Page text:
After 30 years away from singing, Shirley Collins returned in 2016 with the excellent ‘Lodestar’ and is now making up for lost time, publishing her memoir All In The Downs. All In The Downs is the story of a working class woman navigating an intensely patriarchal folk community. Her strength of character and humour is startling, and to this reader inspiring.
Rather than settling scores, Collins’ prose instead sparkles with cheery ambivalence about folk’s leading lights (Dylan? Rude for smoking a joint in a club toilet. Ewan MacColl? Lech). The real literary strength of the book, however, is Collins’ marrying of her beloved Sussex Downs countryside with shifts and mysteries in her own life. The Downs call out to her, even offering ghostly apparitions.
As well as this, Collins is a wonderfully readable musicologist. Her first-hand account of the 60s’ folk revival is definitive. Reaching further back, a chapter that celebrates three 19th century women who pioneered English song collecting is revelatory social history. Collins’ guiding philosophy is to sing in a plain, unaffected way – devoid of ego and becoming a conduit for generations’ past. This is something explored in the book’s introduction by fan and friend Stewart Lee.
At odds with the folk tradition is our idea of what a great artist should look like and do – someone who means it, man – All In The Downs is a welcome corrective.
Brett Anderson – Coal Black Mornings (As picked by Robin Murray)
Waspish of wit and rakish of demeanour, Brett Anderson was always a cut above most of his contemporaries. News of the Suede frontman’s memoirs, then, sent fans in a tizzy – literate, outspoken, and explicitly honest, what emerges is a highly un-rock ‘n’ roll but incredibly gripping tale.
Eager to avoid the usual ‘coke and gold discs’ memoir, as he puts it, Coal Black Mornings presents “a snotty, sniffy, slightly maudlin sort of boy raised on Salad Cream and milky tea and cheap meat”.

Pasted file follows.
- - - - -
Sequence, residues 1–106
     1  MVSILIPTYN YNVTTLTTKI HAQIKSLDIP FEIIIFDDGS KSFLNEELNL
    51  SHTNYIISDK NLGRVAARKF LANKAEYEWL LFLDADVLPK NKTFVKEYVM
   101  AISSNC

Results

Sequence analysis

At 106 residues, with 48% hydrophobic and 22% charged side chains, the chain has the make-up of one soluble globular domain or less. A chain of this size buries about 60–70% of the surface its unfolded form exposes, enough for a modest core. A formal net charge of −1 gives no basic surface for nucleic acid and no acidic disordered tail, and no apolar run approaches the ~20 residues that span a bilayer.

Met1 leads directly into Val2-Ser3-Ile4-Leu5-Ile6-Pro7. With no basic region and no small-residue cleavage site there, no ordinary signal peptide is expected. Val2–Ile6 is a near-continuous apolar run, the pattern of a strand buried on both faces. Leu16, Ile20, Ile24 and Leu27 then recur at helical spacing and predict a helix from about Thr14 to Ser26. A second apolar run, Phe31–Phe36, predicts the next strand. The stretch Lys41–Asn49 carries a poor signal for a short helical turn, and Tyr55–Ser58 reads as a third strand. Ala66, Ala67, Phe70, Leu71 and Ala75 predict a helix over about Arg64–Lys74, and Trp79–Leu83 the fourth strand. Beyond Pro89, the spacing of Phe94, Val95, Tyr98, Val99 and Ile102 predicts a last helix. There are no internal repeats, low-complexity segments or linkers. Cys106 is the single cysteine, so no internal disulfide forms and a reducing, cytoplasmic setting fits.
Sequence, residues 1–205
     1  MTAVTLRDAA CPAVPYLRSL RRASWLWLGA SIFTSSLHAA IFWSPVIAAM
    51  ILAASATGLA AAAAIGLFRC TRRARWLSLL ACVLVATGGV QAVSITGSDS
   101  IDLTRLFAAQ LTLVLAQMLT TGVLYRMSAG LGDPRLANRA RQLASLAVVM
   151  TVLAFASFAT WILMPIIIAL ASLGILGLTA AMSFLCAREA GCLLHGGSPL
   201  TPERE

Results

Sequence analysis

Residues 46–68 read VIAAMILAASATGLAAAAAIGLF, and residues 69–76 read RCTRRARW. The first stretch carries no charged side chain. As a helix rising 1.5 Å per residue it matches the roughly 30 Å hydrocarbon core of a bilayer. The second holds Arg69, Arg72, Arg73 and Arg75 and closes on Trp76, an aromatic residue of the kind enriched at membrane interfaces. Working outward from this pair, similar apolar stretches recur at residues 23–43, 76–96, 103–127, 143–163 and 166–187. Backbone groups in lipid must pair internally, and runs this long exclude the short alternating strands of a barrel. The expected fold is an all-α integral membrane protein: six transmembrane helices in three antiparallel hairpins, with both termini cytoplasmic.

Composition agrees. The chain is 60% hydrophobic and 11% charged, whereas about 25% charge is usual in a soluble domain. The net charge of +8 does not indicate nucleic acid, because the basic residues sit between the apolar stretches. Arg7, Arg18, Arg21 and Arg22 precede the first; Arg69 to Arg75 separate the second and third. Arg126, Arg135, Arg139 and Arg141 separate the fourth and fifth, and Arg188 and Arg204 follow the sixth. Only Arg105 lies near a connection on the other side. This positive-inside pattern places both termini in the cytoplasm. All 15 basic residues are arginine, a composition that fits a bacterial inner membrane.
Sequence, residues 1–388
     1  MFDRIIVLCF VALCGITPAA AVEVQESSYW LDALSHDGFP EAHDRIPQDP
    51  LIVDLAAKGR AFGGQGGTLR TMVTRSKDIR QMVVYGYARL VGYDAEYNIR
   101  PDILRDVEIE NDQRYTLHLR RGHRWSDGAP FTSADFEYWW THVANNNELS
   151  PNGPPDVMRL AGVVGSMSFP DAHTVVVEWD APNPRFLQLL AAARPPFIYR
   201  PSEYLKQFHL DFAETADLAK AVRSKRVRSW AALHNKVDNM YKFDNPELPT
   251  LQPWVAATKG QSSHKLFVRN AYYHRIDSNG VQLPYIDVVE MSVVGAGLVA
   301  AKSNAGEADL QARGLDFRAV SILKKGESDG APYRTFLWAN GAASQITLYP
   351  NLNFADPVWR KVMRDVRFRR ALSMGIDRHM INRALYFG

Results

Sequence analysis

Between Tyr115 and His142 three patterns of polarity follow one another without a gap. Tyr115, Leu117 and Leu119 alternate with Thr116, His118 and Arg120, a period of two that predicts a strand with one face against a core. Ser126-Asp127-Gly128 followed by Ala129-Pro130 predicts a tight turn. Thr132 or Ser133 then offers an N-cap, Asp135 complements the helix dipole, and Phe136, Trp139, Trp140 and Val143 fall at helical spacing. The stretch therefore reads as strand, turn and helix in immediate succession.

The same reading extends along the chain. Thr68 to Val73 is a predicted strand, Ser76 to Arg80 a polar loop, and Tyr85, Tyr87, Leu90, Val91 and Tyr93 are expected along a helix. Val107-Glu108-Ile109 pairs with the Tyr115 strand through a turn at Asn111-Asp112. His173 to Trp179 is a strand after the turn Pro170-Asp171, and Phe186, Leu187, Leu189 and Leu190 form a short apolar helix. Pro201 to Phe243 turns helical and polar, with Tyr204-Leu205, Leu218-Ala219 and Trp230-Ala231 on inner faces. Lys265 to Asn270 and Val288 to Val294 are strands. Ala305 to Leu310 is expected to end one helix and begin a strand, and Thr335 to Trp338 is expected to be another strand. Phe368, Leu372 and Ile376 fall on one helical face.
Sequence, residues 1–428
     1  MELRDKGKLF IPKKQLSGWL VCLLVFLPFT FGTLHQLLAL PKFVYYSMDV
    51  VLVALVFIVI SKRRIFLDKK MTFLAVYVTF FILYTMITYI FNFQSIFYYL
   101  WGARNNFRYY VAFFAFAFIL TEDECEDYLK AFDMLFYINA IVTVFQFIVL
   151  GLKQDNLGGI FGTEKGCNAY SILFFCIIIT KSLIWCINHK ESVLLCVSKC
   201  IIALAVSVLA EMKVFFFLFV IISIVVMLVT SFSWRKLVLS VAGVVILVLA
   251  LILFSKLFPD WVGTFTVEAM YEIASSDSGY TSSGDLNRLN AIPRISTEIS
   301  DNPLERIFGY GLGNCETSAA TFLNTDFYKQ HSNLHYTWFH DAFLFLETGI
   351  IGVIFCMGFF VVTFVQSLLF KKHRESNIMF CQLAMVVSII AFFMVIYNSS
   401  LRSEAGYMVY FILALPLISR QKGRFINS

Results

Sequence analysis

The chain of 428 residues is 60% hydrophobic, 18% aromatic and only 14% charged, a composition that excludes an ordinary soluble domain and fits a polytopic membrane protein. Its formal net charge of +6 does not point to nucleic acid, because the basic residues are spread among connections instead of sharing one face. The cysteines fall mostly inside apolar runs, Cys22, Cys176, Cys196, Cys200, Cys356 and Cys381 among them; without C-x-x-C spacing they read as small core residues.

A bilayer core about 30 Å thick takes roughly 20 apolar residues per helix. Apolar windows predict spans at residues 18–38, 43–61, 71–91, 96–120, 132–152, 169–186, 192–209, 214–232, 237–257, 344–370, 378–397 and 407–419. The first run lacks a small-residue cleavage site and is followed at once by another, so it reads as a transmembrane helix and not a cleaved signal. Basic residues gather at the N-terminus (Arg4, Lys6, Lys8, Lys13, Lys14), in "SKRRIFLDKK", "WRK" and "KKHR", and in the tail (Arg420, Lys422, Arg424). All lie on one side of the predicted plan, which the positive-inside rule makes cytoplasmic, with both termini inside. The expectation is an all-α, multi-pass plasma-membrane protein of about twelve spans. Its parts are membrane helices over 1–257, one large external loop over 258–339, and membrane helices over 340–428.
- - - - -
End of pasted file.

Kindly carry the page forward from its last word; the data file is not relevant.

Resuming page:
Combined with Suede’s recent acclaimed run of re-energised, reinvigorated, and highly challenging records, Coal Black Mornings finds Brett Anderson working at the full stretch of his creativity. Warm, emotional, and addictive, it was one of this year’s more unexpected page-turners.
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Stuart Cosgrove – Harlem ‘69 (As picked by Robin Murray)
Scottish writer Stuart Cosgrove brings his soulful study to a close with the final part of his acclaimed trilogy. Harlem ’69 finds America on the brink of a new decade, fresh upheaval, and exciting new sounds, with soul and R&B splintering into the raw, stripped down power of funk.
As with preview books Detroit ’67 and Memphis ’68 the author flits between expert discography details and a wider sociological sweep, forever retaining a highly personal approach to the music itself. King Curtis, Aretha Frankin, and doomed icon Donny Hathaway all star, as soul faces up to its social conscience, and the creative demands of the decade’s demise.
Titled ‘The Future Of Soul’ it up-ends numerous preconceptions, finding fresh space within such iconic material. While the soul songbook might be the cornerstone of today’s retro nostalgia, Stuart Cosgrove places these musicians as the groundbreaking futurists their audience knew them as, perpetually living on the edge and pushing musical and social boundaries.